Rocket engine testing at London's only chemical propulsion laboratory
If research and development budgets are tight, or staff resources in short supply, then outsourcing your project could be the best solution. Kingston University is home to hybrid and bi-propellant rocket test facilities for research into rocket engine design and can provide a range of high quality evaluation and data analysis options for your project.
Save time and money
Cost-effective research can be undertaken on your behalf, in-house, by staff who are experts in the field and closely supervised students. Whilst you benefit from the financial savings of outsourcing, our students benefit from 'real-world' project experience - helping create the skilled workforce of the future.
The research options we offer include: green propellant compatibility testing; thermochemical modelling of combustion performance; mechanical engine design and finite element modelling - plus data acquisition, safety analysis and risk assessment.
As a guide to our capabilities, recent projects have included...
- 50N thrust nitrous oxide / PMMA hybrid rocket engine to demonstrate the fundamentals of rockets and their safe operation
- 300N thrust liquid oxygen / polyethylene hybrid rocket engine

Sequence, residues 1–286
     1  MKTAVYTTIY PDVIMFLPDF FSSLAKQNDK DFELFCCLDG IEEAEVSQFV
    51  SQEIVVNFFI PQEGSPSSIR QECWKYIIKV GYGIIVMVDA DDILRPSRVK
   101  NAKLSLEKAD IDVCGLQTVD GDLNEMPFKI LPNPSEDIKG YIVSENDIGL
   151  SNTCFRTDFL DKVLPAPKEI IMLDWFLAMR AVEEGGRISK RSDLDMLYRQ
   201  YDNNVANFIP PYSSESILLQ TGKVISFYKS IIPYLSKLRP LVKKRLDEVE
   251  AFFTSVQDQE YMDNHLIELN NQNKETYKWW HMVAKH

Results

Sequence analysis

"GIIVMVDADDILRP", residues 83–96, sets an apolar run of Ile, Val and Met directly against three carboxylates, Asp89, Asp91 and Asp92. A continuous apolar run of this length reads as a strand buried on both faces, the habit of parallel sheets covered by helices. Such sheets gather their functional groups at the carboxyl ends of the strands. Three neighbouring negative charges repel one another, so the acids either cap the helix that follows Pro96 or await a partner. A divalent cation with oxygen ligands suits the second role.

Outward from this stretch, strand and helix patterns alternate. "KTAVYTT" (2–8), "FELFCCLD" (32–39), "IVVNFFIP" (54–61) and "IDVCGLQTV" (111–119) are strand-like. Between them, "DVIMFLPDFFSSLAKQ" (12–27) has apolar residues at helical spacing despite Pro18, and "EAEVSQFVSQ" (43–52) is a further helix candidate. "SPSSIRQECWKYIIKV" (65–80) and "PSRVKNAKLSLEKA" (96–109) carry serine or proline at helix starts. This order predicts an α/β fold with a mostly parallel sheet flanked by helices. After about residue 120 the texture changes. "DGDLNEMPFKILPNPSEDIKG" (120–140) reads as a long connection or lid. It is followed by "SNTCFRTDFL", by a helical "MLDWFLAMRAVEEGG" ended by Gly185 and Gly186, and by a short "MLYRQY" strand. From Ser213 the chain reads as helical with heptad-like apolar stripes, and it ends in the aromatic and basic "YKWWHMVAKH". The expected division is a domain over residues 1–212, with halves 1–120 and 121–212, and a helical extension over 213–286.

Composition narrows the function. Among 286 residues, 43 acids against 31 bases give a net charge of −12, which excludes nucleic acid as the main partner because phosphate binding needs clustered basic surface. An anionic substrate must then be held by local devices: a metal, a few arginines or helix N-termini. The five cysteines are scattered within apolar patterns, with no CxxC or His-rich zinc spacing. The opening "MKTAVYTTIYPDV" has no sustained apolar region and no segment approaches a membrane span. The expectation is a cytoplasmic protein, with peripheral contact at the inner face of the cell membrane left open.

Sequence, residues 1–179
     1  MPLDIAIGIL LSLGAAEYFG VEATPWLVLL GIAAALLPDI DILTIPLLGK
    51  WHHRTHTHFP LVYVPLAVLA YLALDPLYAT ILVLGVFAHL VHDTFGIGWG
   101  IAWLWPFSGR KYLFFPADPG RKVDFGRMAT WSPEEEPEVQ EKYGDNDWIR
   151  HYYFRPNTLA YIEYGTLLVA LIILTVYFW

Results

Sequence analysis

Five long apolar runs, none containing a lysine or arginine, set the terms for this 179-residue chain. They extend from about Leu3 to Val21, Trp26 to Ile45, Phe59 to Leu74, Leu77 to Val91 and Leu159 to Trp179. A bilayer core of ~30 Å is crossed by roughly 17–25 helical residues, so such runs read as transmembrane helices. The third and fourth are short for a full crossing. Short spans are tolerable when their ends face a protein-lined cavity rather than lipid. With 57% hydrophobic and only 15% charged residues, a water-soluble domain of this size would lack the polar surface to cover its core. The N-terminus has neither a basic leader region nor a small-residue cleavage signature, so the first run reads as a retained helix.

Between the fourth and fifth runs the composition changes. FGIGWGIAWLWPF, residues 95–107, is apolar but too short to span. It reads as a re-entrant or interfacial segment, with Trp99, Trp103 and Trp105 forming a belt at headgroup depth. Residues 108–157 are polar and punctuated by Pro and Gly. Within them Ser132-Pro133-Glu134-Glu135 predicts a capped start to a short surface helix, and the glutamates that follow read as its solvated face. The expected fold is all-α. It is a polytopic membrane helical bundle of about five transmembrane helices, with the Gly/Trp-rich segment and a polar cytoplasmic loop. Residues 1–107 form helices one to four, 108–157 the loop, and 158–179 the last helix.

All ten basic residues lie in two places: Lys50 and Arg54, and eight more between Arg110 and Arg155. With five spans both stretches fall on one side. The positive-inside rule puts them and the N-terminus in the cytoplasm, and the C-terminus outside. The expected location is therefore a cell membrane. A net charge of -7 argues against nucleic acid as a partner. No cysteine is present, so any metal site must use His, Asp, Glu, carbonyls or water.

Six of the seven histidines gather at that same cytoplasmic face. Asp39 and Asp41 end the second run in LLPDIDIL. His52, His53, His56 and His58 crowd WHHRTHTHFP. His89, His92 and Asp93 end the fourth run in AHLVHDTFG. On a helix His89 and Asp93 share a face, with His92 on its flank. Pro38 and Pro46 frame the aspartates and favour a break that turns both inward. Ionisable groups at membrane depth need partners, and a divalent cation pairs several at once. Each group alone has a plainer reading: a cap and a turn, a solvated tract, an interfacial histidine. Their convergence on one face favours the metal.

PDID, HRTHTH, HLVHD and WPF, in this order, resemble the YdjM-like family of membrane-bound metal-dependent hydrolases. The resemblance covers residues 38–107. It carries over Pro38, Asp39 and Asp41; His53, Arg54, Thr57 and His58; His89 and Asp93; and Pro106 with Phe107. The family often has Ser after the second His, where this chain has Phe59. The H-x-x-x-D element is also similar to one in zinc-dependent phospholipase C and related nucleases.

- 50N thrust modular bipropellant engine to test new components and propellant configurations
- Development of a non-pyrotechnic ignition system with remote operation
- Propulsion options for small satellite launch vehicles with Newton Launch Systems and funded by UK Space Agency
- Study into miniature 'green' propulsion options for Cubesats in partnership with EADS Innovation and Moog-ISP and funded by UK Space Agency
Rocket design and test facilities
Developed by Dr Chris Welch and Dr Adam Baker with students Jack James Marlow and Philip Allen, the facility includes a sound insulated, blast protected structure with air exchange ventilation and impact resistant viewports to monitor hot firing tests. A computer link allows for remote operation, data acquisition and automatically sequenced, controlled test firing. Other features include:
- Gaseous and liquefied gas propellant storage - plus cryogenic oxidisers (LOx)
- Electronic measurement of Thrust using FX1901 OEM compression load cell.
- Chamber Pressure measurement up to 400Bar
- Temperature / thermocouples on request, e.g. K-type
- Flow rate measurement using Venturi flow meter.
A fully-equipped mechanical workshop and rapid prototyping machinery are also on site together with a range of industry standard software for CAD and Finite Element modelling including Dassault Systems' Solid Works , ANSYS, + FLUENT and CFX.
What's more, we can also model chemical rocket engines using GDLPep, Isp and NASA CEA codes.
For a cost-effective solution to your research project - choose Kingston University.
Contact Dr Adam Baker to find out how we can help you.
KU rocketlab director Dr. Adam Baker, working at Bloodhound, explains how rockets work in this short video